By 1998 I was working at Wycombe, settled and secure and in a much more stable state than I had been when Polly Harvey first came my way. As the time came to release her next album she claimed in interviews to be a lot happier, too, not that when Is This Desire? finally emerged there was much sign of it. The record marked a new departure into electronic sound, and a different texture of (mainly) dreamy, blurred-edged images and scenarios which seemed to slip past the listener one after another, but underlying it all was the same focus on the malign and uncomfortable, occasionally lapsing into the old violence. But what struck me most powerfully was one of the quieter, most intricate tracks: the third, ‘The Wind’.
On my bookshelf now there is a framed postcard of St Catherine’s Chapel at Abbotsbury. We’ve been going there since I was little: my mum sent me the postcard in 1991 when I was at college, and when Polly was just strumming her guitar for the first time as an independent artist having left John Parish’s band to set up her own, and nobody outside her immediate circle had heard of her. That place meant something undefinable and deep to me, as did, strangely even before I was a Christian, the saint to whom it was dedicated. In my old university notes there are scattered Latin lyrics to blessed Catherine of the Wheel, copied from obscure works on liturgy and medieval poetry. Why her? My spiritual director asked me that, and I don’t really know. Something to do with her bloody legend (which isn’t that bloody at all compared to some virgin martyrs), her strength, her intelligence – a big part of the story – and that brooding chapel on the hilltop above the chill of Chesil Beach, in some ways my spiritual home.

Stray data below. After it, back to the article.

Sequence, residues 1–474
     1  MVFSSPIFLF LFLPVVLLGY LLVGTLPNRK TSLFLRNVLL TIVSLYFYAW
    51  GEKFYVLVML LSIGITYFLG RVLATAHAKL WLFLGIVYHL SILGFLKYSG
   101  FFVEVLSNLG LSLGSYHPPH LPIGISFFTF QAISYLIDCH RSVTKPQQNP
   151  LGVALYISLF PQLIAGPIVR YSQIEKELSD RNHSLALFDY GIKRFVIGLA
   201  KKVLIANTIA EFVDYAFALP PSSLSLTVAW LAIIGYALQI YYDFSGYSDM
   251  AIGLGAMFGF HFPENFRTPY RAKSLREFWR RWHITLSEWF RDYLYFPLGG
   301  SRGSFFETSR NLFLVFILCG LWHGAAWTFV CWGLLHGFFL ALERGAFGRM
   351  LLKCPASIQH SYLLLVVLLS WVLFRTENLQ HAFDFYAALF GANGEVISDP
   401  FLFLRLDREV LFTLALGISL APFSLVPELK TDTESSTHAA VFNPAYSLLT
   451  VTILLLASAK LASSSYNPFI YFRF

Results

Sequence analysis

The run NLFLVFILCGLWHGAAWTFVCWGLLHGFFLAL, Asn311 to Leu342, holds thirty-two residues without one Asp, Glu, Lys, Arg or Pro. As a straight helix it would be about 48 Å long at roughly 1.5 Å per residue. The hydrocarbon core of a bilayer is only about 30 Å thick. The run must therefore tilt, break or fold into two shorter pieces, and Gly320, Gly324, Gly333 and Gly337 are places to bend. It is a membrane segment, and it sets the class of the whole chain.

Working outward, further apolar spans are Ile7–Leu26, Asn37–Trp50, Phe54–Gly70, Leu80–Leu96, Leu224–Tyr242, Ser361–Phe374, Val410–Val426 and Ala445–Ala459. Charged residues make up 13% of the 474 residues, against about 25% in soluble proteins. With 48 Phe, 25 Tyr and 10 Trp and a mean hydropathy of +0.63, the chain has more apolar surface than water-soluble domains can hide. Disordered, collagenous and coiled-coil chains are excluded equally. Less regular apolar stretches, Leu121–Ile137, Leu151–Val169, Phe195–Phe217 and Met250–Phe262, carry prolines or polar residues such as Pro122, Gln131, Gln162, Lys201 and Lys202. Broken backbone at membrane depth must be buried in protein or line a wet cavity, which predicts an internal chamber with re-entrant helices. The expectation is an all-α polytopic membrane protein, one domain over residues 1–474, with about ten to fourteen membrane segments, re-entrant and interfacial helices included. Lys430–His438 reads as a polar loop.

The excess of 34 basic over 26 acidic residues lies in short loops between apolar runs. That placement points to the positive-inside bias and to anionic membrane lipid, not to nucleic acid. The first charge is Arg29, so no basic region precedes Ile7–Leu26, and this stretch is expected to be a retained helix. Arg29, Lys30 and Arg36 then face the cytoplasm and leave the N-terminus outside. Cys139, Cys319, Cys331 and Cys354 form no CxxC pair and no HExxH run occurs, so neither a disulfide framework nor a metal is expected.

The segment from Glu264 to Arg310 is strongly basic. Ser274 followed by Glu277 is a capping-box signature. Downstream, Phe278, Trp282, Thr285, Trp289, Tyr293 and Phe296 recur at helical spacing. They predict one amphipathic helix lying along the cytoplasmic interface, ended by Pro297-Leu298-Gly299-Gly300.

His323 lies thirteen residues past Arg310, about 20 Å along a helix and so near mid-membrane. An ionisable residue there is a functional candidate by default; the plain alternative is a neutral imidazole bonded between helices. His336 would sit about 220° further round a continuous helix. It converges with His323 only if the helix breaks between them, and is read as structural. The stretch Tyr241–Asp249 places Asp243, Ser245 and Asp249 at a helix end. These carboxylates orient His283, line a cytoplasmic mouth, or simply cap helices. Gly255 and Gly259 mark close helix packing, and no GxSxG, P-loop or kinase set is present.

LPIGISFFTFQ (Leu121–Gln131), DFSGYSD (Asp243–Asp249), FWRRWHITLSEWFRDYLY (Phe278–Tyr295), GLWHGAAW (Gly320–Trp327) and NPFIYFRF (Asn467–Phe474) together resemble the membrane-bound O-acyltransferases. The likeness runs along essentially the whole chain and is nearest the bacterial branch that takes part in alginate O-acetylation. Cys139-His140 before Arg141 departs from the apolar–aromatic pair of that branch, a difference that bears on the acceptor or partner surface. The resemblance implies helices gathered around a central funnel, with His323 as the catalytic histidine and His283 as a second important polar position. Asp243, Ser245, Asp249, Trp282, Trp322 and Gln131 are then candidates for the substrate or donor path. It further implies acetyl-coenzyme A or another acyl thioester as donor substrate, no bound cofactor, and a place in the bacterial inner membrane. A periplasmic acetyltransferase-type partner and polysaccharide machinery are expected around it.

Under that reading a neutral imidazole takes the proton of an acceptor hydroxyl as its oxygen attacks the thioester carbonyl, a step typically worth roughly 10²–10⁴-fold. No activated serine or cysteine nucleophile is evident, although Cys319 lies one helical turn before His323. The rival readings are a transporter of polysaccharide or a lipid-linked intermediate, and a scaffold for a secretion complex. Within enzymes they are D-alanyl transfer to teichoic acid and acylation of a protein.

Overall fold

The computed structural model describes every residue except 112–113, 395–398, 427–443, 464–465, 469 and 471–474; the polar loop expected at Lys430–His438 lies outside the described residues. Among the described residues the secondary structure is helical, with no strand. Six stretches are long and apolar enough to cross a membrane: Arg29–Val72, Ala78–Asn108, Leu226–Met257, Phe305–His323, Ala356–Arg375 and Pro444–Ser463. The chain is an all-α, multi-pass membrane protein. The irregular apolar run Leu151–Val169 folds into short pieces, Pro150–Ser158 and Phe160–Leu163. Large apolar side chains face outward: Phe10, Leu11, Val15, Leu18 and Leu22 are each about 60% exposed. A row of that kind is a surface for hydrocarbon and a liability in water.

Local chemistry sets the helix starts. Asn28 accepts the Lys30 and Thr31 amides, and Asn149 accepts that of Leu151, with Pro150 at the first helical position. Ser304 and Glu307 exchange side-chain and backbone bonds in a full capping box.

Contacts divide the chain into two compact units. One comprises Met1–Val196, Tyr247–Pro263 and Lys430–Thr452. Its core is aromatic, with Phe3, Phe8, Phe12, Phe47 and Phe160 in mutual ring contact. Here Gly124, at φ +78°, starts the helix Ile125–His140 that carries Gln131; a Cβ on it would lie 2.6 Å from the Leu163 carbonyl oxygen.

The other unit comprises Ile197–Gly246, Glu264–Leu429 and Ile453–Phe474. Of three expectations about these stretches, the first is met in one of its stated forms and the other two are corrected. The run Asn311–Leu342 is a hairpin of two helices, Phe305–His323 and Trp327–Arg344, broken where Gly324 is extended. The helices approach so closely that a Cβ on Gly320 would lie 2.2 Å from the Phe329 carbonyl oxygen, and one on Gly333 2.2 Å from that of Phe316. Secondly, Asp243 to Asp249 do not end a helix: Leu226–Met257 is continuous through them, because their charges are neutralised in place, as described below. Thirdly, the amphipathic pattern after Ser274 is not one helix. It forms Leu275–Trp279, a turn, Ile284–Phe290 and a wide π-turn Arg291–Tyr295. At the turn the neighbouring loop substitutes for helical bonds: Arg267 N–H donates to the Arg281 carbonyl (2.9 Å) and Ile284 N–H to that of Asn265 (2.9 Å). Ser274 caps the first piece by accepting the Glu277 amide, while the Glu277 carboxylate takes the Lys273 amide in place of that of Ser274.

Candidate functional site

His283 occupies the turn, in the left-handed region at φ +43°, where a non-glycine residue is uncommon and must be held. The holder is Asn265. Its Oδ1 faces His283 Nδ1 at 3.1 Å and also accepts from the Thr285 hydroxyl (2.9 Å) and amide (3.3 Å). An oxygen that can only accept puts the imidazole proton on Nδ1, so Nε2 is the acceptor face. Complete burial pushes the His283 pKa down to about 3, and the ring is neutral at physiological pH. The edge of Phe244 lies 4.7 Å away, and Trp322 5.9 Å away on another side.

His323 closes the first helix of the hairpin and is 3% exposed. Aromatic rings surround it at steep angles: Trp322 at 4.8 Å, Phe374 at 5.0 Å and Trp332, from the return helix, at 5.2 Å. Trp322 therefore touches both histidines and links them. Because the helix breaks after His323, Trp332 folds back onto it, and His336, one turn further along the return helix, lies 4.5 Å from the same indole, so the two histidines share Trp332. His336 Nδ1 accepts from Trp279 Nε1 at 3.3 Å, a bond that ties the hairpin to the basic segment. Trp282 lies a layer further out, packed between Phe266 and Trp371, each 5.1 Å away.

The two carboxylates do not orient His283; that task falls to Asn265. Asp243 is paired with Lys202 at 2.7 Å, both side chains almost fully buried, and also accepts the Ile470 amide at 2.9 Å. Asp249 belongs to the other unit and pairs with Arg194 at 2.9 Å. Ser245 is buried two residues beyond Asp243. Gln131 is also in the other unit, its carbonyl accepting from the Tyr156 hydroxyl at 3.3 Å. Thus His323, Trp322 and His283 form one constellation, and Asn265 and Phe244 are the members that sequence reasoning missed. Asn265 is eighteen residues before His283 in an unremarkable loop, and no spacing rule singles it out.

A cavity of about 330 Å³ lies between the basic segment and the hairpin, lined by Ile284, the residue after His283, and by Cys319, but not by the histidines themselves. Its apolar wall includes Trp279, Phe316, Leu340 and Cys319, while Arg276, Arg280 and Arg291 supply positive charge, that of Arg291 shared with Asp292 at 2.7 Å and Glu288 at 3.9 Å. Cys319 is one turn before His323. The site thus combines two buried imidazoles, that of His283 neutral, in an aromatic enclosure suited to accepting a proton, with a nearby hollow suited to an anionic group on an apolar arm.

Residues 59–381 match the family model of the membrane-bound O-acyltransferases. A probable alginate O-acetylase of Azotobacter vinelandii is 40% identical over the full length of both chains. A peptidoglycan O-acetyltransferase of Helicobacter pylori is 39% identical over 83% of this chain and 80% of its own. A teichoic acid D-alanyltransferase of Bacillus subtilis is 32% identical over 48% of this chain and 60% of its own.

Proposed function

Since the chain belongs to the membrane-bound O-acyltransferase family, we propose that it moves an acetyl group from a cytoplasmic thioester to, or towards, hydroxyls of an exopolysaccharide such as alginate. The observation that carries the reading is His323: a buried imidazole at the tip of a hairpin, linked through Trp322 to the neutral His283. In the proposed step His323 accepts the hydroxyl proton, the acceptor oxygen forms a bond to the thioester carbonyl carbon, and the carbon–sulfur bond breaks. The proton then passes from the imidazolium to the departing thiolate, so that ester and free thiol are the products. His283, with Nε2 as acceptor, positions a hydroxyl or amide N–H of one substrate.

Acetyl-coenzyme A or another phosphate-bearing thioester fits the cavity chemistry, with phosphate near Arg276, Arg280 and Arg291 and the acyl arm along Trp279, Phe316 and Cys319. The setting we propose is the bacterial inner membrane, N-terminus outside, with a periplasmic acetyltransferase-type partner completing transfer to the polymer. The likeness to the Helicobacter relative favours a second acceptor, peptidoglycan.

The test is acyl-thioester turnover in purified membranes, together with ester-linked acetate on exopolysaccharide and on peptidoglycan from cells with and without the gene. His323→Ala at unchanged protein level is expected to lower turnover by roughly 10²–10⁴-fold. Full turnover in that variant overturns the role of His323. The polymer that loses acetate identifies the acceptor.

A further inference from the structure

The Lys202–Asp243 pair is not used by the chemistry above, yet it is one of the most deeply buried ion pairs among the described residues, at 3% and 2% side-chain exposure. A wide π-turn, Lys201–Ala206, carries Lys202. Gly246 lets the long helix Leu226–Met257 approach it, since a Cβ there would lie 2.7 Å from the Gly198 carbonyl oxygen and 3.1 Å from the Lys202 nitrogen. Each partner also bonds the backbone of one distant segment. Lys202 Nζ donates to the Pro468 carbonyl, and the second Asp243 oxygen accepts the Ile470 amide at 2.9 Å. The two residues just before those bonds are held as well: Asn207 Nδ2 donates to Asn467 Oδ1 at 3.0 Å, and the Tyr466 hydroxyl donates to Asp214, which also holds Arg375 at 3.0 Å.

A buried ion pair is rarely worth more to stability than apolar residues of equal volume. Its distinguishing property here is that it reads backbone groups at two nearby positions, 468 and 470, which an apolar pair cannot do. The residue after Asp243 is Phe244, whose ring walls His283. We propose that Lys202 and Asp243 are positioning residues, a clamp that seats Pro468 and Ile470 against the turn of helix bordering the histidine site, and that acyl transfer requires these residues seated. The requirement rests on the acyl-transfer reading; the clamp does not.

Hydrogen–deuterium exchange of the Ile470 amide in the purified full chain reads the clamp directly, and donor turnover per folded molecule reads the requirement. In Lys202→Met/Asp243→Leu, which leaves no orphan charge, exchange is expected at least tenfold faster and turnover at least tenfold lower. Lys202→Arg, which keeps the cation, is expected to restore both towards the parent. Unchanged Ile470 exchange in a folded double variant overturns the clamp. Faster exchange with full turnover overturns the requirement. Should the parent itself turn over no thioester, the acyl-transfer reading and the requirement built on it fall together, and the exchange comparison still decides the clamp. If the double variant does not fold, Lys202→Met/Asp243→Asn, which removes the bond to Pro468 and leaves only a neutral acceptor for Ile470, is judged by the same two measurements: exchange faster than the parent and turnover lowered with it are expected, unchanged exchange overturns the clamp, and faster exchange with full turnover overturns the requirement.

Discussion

So I listened to ‘The Wind’ – a low blush of synthesisers, and then, the devastating, whispered voice: ‘Catherine liked high places, high up on the hills’. The hair on the back of my neck prickled, and still does. ‘She built herself a chapel – with her image – her image on the wall’. Could it be true? This person who meant so much to me, singing about this place that meant so much to me, and this figure (albeit turning that figure imaginatively inside-out)? It couldn’t be otherwise, could it? Could I have got it wrong?
Of course I hadn’t. The chapel has found its way into Polly’s art; she mentions it to journalists who have come to Dorset to smoke her out (as she does St Catherine – ‘patron saint of spinsters’, she remarks deliberately); she visits it, as I do when I can. Obviously it’s nothing special: it’s merely that two disparate people have developed the same kind of relationship with the same landscape and the charismatic features within it. It’s no surprise, and I’m hardly alone: twenty years later, that landscape is now bound inseparably to the lyrics of ‘The Wind’, for everyone from Goth novelists (Miss Gish, look her up) to the Dorset tourist board. So I tell myself, at least, to keep my head.